The Every Pattern
The Keep Pattern
The Accumulate Pattern
Combining Patterns
Helper Procedures
How to Use Recursive Patterns
Problems That Don't Follow Patterns
Pitfalls
Project: Names of Huge Numbers
Advanced Recursion
EXample: Sort
EXample: FromBinary
EXample: Mergesort
EXample: Subsets
Pitfalls
Projects: Poker Hands
EXtra Work for Hotshots
16 EXample: Pattern Matcher
Problem Description
Implementation: When Are Two Sentences Equal?
When Are Two Sentences Nearly Equal?
Matching with Alternatives
Backtracking
Matching Several Words
Combining the Placeholders
Naming the Matched TeXt
The Final Version
Abstract Data Types
Backtracking and KnownValues
How We Wrote It
Complete Program Listing
V Abstraction
17 Lists
Selectors and Constructors
Programming with Lists
The Truth about Sentences
HigherOrder Functions
Other Primitives for Lists
Association Lists
Functions That Take Variable Numbers of Arguments
Recursion on Arbitary Structured Lists
Pitfalls
18 Trees
EXample: The World
How Big Is My Tree?
Mutual Recursion
Searching for a Datum in the Tree
Locating a Datum in the Tree
Representing Trees as Lists
Abstract Data Types
An Advanced EXample: Parsing Arithmetic EXpressions
Pitfalls
19 Implementing HigherOrder Functions
Generalizing Patterns
The Every Pattern Revisited
The Difference between Map and face=courier>Every
Filter
Accumulate and face=courier>Reduce
Robustness
HigherOrder Functions for Structured Lists
The ZeroTrip Do Loop
Pitfalls
VI Sequential Programming
20 Input and Output
Printing
Side Effects and Sequencing
The Begin Special Form
This Isn't Functional Programming
Not Moving to the NeXt Line
Strings
A HigherOrder Procedure for Sequencing
TicTacToe Revisited
Accepting User Input
Aesthetic Board Display
Reading and Writing Normal TeXt
Formatted TeXt
Sequential Programming and Order of Evaluation
Pitfalls
21 EXample: The face=courier>Functions Program
The Main Loop
The Difference between a Procedure and Its Name
The Association List of Functions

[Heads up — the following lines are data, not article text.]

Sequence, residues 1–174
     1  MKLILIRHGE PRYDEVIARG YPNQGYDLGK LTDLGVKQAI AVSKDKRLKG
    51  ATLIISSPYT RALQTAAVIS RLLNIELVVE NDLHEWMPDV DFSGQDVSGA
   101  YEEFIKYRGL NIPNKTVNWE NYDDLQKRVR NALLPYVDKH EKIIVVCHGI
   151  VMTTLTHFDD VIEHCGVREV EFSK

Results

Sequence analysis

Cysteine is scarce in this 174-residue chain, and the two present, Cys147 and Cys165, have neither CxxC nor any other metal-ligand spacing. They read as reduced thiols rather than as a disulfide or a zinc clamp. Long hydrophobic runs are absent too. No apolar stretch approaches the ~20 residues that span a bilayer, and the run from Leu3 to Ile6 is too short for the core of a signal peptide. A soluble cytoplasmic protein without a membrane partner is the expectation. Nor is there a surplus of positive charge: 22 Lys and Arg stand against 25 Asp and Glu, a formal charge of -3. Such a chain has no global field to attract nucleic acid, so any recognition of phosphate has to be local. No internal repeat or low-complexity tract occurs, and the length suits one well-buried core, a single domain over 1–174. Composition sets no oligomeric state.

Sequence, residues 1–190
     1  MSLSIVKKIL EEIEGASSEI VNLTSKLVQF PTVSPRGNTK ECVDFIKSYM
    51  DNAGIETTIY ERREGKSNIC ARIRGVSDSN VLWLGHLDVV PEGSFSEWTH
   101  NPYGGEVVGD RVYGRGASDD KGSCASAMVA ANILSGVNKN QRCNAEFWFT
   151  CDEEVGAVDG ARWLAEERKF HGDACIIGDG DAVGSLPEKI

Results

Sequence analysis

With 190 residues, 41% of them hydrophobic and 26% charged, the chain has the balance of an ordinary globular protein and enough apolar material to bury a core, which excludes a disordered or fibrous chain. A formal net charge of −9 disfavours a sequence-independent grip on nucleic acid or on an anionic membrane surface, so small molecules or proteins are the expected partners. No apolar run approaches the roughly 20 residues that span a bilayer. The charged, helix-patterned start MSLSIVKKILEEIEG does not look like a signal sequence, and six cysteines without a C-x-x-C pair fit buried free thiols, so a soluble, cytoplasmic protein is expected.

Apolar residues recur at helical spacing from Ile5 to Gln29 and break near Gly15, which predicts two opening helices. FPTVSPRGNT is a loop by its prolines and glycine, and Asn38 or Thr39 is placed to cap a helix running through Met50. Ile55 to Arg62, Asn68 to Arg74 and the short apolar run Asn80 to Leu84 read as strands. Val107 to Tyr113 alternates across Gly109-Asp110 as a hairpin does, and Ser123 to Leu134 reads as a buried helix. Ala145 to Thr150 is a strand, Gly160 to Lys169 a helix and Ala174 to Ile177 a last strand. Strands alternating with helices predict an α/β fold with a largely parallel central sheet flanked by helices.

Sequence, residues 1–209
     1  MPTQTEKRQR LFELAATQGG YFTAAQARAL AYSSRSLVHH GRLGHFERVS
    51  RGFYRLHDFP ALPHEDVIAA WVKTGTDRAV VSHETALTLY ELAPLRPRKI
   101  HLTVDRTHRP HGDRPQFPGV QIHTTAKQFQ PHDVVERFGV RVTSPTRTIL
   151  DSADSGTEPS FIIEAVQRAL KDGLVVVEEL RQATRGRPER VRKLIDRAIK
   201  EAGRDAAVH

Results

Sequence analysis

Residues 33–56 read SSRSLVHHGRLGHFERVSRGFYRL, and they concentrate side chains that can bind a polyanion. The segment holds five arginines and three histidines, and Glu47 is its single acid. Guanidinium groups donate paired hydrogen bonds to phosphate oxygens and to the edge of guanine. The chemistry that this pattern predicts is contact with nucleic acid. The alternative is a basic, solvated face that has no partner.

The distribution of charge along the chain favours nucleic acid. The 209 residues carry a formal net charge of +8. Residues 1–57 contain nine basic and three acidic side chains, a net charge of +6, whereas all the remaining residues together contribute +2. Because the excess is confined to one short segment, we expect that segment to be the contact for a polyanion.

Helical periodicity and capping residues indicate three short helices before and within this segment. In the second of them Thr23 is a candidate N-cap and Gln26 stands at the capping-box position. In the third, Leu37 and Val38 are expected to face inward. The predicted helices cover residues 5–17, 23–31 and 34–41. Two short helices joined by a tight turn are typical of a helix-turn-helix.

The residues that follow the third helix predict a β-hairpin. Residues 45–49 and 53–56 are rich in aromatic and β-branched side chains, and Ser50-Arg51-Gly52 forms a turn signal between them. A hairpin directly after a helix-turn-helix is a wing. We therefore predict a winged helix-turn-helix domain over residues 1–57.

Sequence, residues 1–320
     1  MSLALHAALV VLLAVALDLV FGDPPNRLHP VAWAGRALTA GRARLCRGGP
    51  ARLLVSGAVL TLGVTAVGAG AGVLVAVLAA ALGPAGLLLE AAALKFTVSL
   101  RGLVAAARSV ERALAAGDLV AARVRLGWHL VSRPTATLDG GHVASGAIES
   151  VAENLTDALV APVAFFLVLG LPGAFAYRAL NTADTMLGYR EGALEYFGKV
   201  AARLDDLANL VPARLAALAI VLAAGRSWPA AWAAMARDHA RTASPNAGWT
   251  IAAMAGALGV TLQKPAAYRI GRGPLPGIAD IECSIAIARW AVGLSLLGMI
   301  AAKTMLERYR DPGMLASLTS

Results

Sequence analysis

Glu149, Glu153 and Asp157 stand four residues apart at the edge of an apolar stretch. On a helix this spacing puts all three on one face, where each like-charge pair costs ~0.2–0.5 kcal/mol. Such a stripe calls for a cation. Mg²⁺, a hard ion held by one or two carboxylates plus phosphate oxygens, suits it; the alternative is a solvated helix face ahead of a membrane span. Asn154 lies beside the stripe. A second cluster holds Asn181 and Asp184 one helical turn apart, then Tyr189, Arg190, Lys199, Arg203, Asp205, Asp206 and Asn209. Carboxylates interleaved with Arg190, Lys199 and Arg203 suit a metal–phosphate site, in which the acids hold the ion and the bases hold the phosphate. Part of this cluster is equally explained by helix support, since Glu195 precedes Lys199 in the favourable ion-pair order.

Domain Checking
Intentionally Confusing a Function with Its Name
More on HigherOrder Functions
More Robustness
Complete Program Listing
22 Files
Ports
Writing Files for People to Read
Using a File as a Database
Transforming the Lines of a File
Justifying TeXt
Preserving Spacing of TeXt from Files
Merging Two Files
Writing Files for Scheme to Read
Pitfalls
23 Vectors
The Indy 500
Vectors
Using Vectors in Programs
NonFunctional Procedures and State
Shuffling a Deck
More Vector Tools
The Vector Pattern of Recursion
Vectors versus Lists
State, Sequence, and Effects
Pitfalls
24 EXample: A Spreadsheet Program
Limitations of Our Spreadsheet
Spreadsheet Commands
Moving the Selection
Putting Values in Cells
Formulas
Displaying Formula Values
Loading Spreadsheet Commands from a File
Application Programs and Abstraction
25 Implementing the Spreadsheet
Program
Cells, Cell Names, and Cell IDs
The Command Processor
Cell Selection Commands
The Load Command
The Put Command
The Formula Translator
The Dependency Manager
The EXpression Evaluator
The Screen Printer
The Cell Manager
Complete Program Listing
Project: A Database Program
A Sample Session with Our Database
How Databases Are Stored Internally
The Current Database
Implementing the Database Program Commands
Additions to the Program
EXtra Work for Hotshots
VII Conclusion: Computer Science
26 What's NeXt?
The Best Computer Science Book
Beyond SICP
Standard Scheme
Last Words
Appendices
A Running Scheme
The Program Development Cycle
Integrated Editing
Getting Our Programs
Tuning Our Programs for Your System
Loading Our Programs
Versions of Scheme
Scheme Standards
B Common Lisp
Why Common Lisp EXists
Defining Procedures and Variables
The Naming Convention for Predicates
No Words or Sentences
True and False
Files
Arrays
Equivalents to Scheme Primitives
A Separate Name Space for Procedures
Lambda
More about Function
Writing HigherOrder Procedures
C Scheme Initialization File
D GNU General Public License
Credits
Alphabetical Table of Scheme Primitives
Glossary
IndeX of Defined Procedures
General IndeX